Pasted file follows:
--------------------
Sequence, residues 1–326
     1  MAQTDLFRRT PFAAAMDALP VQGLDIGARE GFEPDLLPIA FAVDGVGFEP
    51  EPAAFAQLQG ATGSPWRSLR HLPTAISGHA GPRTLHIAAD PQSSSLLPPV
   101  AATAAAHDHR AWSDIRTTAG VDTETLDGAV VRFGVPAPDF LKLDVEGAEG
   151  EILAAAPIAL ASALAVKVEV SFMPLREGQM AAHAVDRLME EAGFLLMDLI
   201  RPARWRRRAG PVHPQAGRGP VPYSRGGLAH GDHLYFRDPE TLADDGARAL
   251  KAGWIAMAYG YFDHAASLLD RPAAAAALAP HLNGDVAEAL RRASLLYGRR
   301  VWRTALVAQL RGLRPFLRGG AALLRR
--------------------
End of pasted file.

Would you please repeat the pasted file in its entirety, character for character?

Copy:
Sequence, residues 1–326
     1  MAQTDLFRRT PFAAAMDALP VQGLDIGARE GFEPDLLPIA FAVDGVGFEP
    51  EPAAFAQLQG ATGSPWRSLR HLPTAISGHA GPRTLHIAAD PQSSSLLPPV
   101  AATAAAHDHR AWSDIRTTAG VDTETLDGAV VRFGVPAPDF LKLDVEGAEG
   151  EILAAAPIAL ASALAVKVEV SFMPLREGQM AAHAVDRLME EAGFLLMDLI
   201  RPARWRRRAG PVHPQAGRGP VPYSRGGLAH GDHLYFRDPE TLADDGARAL
   251  KAGWIAMAYG YFDHAASLLD RPAAAAALAP HLNGDVAEAL RRASLLYGRR
   301  VWRTALVAQL RGLRPFLRGG AALLRR